You may certainly rewrite the phrase in different ways. For instance:
“the worst thing that” ⇨ “the worst thing of all that”
“the worst thing that” ⇨ “the worst of all things that”
“the worst thing that” ⇨ “of all things the worst thing that”.
But none of these implies that the bolded form on the left is a “short” form of that on the right.
“that” ≠ “of all that”
“that” ≠ “of all things that”
“the” ≠ “of all things the”.
Neither of all nor of all things is present-but-omitted in that or in the. Neither is present-but-omitted in any of the words. The idea of of all (things) is ‘present’, not literally but by inference, for if something is “worse”, it must be worse than something to which it is compared, and if something is “worst” it must be worst of all things to which it is compared.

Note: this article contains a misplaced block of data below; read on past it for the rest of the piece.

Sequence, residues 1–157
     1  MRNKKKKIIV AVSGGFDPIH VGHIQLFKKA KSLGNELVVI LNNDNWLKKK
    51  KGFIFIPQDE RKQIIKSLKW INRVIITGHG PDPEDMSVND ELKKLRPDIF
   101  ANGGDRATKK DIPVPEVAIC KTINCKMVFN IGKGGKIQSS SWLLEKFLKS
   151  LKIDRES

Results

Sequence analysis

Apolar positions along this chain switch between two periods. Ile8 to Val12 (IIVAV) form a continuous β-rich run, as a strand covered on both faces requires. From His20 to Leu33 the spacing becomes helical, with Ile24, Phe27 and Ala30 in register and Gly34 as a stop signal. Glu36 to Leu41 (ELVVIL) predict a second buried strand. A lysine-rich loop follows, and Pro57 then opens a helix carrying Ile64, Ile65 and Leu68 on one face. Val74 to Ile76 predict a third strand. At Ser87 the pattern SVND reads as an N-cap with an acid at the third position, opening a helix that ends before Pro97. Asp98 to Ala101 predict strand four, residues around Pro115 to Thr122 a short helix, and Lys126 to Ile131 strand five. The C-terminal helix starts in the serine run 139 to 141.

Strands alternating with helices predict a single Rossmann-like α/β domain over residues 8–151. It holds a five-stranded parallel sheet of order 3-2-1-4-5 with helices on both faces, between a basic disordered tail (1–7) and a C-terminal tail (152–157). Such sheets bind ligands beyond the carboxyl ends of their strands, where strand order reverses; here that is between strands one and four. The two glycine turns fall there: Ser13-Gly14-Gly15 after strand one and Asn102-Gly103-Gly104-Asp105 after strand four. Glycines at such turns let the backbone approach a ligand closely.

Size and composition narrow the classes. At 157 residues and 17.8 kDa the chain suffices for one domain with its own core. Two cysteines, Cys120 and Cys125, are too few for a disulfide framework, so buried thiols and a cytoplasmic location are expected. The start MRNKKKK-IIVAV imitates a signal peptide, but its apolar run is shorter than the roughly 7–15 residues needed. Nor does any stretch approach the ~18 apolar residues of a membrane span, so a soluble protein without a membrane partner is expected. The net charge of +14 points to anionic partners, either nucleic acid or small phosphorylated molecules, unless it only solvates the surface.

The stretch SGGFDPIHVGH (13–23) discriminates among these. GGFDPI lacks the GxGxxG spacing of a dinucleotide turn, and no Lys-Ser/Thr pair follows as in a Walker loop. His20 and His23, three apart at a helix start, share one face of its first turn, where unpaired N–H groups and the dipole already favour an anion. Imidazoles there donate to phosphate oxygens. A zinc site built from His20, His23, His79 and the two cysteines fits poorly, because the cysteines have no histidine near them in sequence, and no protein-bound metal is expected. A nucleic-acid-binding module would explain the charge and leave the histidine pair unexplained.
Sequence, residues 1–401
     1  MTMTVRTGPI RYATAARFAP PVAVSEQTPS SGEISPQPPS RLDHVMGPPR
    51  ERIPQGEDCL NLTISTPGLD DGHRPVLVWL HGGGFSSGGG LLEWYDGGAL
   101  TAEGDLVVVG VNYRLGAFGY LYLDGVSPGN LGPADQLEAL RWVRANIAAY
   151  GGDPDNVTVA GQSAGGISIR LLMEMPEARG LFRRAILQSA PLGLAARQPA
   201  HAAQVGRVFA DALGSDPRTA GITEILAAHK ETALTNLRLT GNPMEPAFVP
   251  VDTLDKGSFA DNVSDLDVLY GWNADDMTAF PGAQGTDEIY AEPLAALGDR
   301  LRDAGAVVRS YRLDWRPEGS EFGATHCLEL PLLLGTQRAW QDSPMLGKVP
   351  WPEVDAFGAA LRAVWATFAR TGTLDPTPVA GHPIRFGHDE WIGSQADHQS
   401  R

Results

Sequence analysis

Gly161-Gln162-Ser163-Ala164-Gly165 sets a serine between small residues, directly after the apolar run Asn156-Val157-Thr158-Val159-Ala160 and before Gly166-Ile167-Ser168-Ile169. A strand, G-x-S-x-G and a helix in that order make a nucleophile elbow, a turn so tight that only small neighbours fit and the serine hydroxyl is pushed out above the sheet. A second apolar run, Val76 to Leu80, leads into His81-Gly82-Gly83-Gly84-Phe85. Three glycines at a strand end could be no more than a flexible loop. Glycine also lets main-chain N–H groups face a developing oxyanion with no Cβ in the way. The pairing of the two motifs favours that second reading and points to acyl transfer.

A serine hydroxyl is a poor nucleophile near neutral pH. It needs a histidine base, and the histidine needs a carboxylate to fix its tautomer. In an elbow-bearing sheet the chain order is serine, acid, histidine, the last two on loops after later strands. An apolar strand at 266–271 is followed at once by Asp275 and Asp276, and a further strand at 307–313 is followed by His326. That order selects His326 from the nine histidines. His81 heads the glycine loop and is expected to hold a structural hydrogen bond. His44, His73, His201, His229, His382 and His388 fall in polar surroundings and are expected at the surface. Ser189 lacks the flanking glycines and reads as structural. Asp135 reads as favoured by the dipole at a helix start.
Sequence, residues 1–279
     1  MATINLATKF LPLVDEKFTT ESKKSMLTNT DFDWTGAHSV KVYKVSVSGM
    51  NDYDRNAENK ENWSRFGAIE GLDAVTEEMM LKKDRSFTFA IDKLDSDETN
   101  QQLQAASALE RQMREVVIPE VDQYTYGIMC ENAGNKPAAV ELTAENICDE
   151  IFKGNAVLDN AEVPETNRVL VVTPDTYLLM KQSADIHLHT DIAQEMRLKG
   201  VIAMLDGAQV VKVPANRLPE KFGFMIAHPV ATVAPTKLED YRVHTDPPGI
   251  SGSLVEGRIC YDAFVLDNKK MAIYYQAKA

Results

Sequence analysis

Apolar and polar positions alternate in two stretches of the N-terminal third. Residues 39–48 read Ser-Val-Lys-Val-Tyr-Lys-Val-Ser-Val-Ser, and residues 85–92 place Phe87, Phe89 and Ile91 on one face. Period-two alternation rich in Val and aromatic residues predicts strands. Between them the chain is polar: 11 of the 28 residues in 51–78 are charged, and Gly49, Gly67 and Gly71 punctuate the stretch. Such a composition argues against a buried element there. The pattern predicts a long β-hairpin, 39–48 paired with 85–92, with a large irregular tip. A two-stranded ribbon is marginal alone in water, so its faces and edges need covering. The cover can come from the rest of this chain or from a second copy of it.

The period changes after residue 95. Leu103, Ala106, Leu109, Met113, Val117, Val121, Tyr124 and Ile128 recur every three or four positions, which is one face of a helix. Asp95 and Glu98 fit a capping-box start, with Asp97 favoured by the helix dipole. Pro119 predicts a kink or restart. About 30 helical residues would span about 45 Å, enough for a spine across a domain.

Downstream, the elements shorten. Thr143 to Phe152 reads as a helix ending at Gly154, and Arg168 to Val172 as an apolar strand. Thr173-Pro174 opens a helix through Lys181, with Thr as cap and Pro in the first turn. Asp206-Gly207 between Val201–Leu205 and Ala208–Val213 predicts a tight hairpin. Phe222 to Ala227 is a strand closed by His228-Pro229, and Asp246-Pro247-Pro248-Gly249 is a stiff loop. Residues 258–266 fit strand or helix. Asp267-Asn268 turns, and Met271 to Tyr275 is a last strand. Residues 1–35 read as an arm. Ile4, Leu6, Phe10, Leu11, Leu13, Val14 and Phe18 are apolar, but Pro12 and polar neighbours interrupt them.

If you like, you may say that the idea of of all (things) is ‘made present’ in the -st ending on most; and that will be quite a useful notion, since it embraces not merely worst but also best and loudest and funniest as well—any superlative adjective, whether expressed with -st or with most. But when you get to that point it becomes clear that even the idea of of all is not “omitted”; it is merely not-expressed-in-those-words.
When you put of all or of all things into the sentence, or perform any other such transformation, you are not restoring something missing; you’re pointing an arrow at something you think is important, or ornamenting the sentence to make it more musical.
But all that is merely what FumbleFingers told you in the very first comment. And that, as tchrist told you (much more efficiently), “is simply the relative.”